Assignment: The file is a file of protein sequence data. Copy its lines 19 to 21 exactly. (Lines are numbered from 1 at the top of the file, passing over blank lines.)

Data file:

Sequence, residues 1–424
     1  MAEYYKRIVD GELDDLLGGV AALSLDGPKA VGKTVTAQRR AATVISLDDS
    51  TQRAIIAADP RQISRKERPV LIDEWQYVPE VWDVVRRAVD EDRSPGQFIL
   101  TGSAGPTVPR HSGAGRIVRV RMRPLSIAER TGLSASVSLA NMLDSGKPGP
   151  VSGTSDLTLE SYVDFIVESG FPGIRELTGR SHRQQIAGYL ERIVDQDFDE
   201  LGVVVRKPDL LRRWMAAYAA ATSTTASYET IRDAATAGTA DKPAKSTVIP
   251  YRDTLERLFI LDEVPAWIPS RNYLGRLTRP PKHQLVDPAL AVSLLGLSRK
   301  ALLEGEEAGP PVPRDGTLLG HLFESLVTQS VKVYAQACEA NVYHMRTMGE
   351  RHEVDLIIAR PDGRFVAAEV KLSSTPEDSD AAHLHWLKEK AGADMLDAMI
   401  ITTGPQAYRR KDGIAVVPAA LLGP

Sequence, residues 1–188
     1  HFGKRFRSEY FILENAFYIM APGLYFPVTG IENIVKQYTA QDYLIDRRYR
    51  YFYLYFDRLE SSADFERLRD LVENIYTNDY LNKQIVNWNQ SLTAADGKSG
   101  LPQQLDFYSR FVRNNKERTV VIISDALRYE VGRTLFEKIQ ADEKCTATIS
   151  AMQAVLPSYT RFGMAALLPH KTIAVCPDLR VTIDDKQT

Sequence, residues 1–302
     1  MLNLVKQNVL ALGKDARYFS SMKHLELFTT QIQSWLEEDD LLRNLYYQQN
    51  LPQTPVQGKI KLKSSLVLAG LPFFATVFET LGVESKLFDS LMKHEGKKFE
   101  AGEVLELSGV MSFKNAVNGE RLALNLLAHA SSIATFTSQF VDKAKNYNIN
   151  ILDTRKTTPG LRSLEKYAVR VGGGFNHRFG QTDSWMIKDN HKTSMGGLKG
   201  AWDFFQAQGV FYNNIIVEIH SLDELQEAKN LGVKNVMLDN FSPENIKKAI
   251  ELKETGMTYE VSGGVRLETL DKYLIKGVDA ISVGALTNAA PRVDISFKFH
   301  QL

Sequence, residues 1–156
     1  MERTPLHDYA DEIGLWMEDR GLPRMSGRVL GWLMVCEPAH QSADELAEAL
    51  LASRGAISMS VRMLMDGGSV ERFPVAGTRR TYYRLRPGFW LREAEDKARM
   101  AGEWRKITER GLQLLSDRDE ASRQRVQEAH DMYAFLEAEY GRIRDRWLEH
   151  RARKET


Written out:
   101  AGEVLELSGV MSFKNAVNGE RLALNLLAHA SSIATFTSQF VDKAKNYNIN
   151  ILDTRKTTPG LRSLEKYAVR VGGGFNHRFG QTDSWMIKDN HKTSMGGLKG
   201  AWDFFQAQGV FYNNIIVEIH SLDELQEAKN LGVKNVMLDN FSPENIKKAI